Tuesday, March 20, 2012

...around school...

Here are some snapshots around Gaoxin No. 1 High School campus as well as Gaoxin No. 2 Primary School.  I have a nice 20 minute walk to the primary school where I am spending a couple weeks.  I have been teaching some of the English classes there and it has been a great experience.  A few myths have been dispelled.  Namely the notion that students here sit quietly and at attention at all times.  Kids—no matter where they live on this planet—are kids.  J  To manage a classroom of 60 students takes some sort of magic that I haven’t acquired yet.  And when class is over, to be mobbed by all these first graders who want to stand right next to the teacher, requires more than a bit of balance!!  Their greetings never lack in enthusiasm.  And when they ask, “What is your nationality?”  and I respond, “I am American,” the entire class breaks into applause and cheers.  They are encouraged to answer all questions asked by the teacher in a very loud voice.  Chinese classrooms are not places for soft spoken folks.  I was comforted to see a teacher wear a wireless microphone on Monday.  She said most teachers have some voice problems.  I can understand why.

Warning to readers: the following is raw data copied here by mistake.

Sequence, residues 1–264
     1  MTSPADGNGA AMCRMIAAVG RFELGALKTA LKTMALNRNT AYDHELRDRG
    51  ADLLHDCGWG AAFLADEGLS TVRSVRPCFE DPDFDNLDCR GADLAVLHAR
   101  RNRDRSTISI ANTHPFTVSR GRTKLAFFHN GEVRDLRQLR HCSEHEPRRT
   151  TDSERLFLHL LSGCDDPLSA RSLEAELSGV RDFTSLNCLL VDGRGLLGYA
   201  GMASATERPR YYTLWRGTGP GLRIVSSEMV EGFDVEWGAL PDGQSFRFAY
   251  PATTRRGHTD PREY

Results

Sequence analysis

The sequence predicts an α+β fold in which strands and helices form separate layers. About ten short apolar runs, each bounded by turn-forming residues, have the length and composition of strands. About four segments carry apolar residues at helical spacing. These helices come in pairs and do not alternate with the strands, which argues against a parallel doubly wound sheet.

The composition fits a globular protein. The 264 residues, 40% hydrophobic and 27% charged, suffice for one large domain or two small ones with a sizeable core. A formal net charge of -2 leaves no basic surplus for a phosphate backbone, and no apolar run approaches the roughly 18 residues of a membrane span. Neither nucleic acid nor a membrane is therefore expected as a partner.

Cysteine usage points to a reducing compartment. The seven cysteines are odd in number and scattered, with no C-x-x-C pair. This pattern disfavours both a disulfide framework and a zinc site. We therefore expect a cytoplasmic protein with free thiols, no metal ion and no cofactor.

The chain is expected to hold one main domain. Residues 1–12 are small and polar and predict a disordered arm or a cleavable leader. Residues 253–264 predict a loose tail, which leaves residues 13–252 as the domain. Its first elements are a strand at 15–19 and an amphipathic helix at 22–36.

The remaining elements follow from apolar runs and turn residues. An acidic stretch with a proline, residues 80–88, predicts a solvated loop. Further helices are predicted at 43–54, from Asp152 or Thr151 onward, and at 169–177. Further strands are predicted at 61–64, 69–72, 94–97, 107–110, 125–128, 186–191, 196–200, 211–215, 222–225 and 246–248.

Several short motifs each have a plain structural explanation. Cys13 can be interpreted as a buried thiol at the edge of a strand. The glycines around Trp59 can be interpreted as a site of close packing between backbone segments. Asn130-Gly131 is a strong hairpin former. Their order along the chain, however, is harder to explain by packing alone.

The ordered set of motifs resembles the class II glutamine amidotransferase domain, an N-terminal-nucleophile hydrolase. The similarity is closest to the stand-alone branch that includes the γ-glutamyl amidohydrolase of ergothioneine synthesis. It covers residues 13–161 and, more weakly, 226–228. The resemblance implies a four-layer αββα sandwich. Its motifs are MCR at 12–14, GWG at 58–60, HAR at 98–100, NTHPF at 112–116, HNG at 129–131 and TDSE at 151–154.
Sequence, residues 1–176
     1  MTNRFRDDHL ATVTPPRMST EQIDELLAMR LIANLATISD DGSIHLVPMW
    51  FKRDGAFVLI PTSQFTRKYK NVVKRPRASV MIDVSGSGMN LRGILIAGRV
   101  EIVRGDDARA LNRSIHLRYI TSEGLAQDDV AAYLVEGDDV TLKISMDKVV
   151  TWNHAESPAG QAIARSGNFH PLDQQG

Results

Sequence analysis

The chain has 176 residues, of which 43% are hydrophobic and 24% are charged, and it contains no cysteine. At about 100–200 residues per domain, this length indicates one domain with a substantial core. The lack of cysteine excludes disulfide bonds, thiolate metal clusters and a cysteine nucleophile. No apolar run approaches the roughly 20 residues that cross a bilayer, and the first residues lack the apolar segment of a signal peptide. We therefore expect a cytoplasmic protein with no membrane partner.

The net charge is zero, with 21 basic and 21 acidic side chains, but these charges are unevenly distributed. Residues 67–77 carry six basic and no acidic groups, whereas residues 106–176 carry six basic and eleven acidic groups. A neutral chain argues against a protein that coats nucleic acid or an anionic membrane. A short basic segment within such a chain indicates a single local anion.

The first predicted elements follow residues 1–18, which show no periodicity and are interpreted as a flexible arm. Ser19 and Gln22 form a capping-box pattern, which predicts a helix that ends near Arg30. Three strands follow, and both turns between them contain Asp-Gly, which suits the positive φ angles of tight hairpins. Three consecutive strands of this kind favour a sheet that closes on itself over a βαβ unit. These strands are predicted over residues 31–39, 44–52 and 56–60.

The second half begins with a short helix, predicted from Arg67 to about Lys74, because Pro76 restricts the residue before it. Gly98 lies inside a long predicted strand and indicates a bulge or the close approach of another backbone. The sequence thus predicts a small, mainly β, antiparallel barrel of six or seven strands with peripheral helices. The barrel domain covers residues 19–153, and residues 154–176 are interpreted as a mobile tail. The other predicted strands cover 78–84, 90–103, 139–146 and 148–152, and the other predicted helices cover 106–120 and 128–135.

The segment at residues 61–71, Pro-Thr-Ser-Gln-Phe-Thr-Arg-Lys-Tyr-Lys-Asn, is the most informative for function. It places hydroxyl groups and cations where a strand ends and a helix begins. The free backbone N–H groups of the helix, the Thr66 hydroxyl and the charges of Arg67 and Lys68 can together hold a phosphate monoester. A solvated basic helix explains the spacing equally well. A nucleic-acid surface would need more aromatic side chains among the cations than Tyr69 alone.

Gaoxin Primary students with Flat Stella and Pepe
*for more adventures with Pepe, check out Ben's blog: http://lasperspectivasdepepe.blogspot.com/

The teachers are involved in the morning exercise, and I got this snapshot of Ben on the track with the Biology teacher when I left the apartment yesterday morning.  

After school basketball group @ Primary School.

High School girls between classes.

Ben and Kevin teaching English conversation.


  1. Sixty first graders to one teacher? My hat is off to her! Did there seem to be the same discipline/disrespect problems that I would have in my classroom?

  2. Yes, I really admire them and that is my biggest challenge when I am team teaching is to give individual attention to each student. The room is never without some sort of background chatter and I would say classroom management is a bigger issue here than what I expected.